Land ultimately falls into two categories: private land and public land. Private land changes hands with the owner and is not considered to belong forever to a particular religion or people. One day it may be owned by an Arab, the next day by a Jew and the next by a WASP.
Public lands are administered by the government. As discussed above, the west bank of the Jordan is administered by Israel. The eastern part of Jerusalem was annexed by Israel decades ago.
Therefore neither the west bank of the Jordan River nor “East Jerusalem” can be considered “Arab land.”
For 400 years the Ottomans ruled Palestine and allowed Jews to live everywhere without restriction. They lived in Jericho and Jerusalem and throughout the region. The Ottomans welcomed the Yemenite Jews who founded Silwan in the eastern part of Jerusalem just outside the city walls in 1881 – in what Kristof terms “Arab East Jerusalem.”
The international community gave the British the Mandate to govern Palestine in 1922, in which it specifically stated that the entire mandate – including Kristof’s “Arab West Bank” – “shall facilitate Jewish immigration under suitable conditions and shall encourage, in co-operation with the Jewish agency referred to in Article 4, close settlement by Jews on the land, including State lands and waste lands not required for public purposes” (Article 6). The mandate further stated in Article 15 “No discrimination of any kind shall be made between the inhabitants of Palestine on the ground of race, religion or language. No person shall be excluded from Palestine on the sole ground of his religious belief”.
Countering the Bible
As detailed above, there is no basis for naming places “Arab West Bank” or “Arab East Jerusalem”. To claim that any land inherently belongs to a single group is a direct lift from the Old Testament in which God gives the land of Canaan to the Jews. Jews have always considered the entire land holy for that reason. Modern claims that part of that land is inherently Arab (and not Jewish) is done to specifically counter the Bible and any Jewish claim to the land.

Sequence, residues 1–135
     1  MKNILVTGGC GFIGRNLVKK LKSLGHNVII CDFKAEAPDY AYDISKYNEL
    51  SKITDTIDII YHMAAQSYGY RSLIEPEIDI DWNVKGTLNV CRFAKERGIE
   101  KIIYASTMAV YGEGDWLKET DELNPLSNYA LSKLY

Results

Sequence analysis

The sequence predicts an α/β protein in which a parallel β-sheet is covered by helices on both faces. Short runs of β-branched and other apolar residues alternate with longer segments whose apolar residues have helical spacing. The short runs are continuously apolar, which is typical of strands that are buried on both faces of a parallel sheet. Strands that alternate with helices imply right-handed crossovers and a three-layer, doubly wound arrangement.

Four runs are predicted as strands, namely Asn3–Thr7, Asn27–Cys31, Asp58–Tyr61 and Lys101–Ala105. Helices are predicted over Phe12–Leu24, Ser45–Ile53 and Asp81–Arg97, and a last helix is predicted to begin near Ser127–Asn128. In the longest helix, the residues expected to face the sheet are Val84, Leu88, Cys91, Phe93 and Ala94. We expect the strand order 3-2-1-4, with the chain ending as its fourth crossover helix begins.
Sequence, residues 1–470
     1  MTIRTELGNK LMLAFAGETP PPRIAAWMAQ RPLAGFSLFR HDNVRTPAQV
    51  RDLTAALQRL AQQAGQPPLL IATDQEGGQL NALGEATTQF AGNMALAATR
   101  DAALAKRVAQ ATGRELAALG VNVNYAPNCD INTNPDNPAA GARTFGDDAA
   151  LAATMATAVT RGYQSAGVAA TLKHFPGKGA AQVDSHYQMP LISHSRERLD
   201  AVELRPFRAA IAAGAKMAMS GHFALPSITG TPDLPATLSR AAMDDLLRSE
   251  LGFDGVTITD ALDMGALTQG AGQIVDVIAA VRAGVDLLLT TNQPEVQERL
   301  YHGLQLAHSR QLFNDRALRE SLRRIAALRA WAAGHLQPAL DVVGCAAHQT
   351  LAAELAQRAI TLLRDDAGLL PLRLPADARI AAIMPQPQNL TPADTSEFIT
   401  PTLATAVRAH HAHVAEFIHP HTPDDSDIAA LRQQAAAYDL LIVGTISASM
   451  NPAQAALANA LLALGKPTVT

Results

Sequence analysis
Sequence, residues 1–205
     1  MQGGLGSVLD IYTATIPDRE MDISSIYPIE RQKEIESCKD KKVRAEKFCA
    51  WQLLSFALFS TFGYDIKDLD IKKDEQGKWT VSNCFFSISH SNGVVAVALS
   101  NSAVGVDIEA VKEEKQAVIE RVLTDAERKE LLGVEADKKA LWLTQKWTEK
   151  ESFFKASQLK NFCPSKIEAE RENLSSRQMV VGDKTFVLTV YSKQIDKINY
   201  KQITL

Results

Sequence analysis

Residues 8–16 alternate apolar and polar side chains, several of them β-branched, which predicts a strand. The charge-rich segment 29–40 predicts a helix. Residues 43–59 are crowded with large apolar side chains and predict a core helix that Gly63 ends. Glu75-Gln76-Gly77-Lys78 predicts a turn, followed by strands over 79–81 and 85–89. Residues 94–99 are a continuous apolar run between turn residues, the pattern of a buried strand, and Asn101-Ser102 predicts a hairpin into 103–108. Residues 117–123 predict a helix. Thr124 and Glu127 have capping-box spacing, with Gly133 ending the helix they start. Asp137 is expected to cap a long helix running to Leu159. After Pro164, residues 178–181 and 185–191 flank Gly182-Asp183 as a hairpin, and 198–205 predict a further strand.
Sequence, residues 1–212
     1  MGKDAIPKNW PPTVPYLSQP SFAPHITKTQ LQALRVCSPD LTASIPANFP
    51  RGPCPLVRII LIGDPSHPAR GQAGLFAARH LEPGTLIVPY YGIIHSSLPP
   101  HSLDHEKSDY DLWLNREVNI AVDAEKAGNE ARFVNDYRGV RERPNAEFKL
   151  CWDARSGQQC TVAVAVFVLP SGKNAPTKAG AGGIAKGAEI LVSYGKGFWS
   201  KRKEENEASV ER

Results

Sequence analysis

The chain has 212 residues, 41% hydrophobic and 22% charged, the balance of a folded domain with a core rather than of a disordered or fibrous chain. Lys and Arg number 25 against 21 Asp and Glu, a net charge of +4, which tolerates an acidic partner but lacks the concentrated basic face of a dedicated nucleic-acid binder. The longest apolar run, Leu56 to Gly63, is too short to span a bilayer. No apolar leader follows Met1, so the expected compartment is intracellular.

Of course, the Jewish faith that asserts that the land is holy has nothing to do with sovereignty or private ownership. Jews have always considered the land holy, even in 1400 when they had no sovereignty, and Jews today who do not own land in Israel. The land is holy to Jews, which motivates many Jews to move there.
Kristof’s claim that this specific land (the “West Bank” which didn’t even exist as an entity or term until recently) is Arab is meant to directly confront the Jewish belief that the land was given to Jews by God. Just as the Times never uses the Jewish terminology of “Judea and Samaria” to remove Jewish connection to this land, Kristof attempts to sever the Jewish connection by stating it is inherently “Arab”. It is wrong in fact and intention.
Jews have always and will always consider Judea and Samaria/ the west Bank of the Jordan as holy regardless of its sovereignty, or the religion and ethnicity of a person living in a house on the land. Such sentiments do not preclude any type of peace deal.
Kristof wrote that “The 350,000 Israeli settlers in the West Bank — not even counting those in Arab East Jerusalem — impede any Middle East peace and stain Israel’s image,” can only be viewed as an obstacle to peace for racists that want a Jew-free state.
Attacking the Jewish faith is not a path to peace. Antisemitic calls for banning Jews from anywhere – let alone places they consider holy and lived in for thousands of years – is disgraceful. The “Human Stain” is Kristof’s and those that share such sentiments.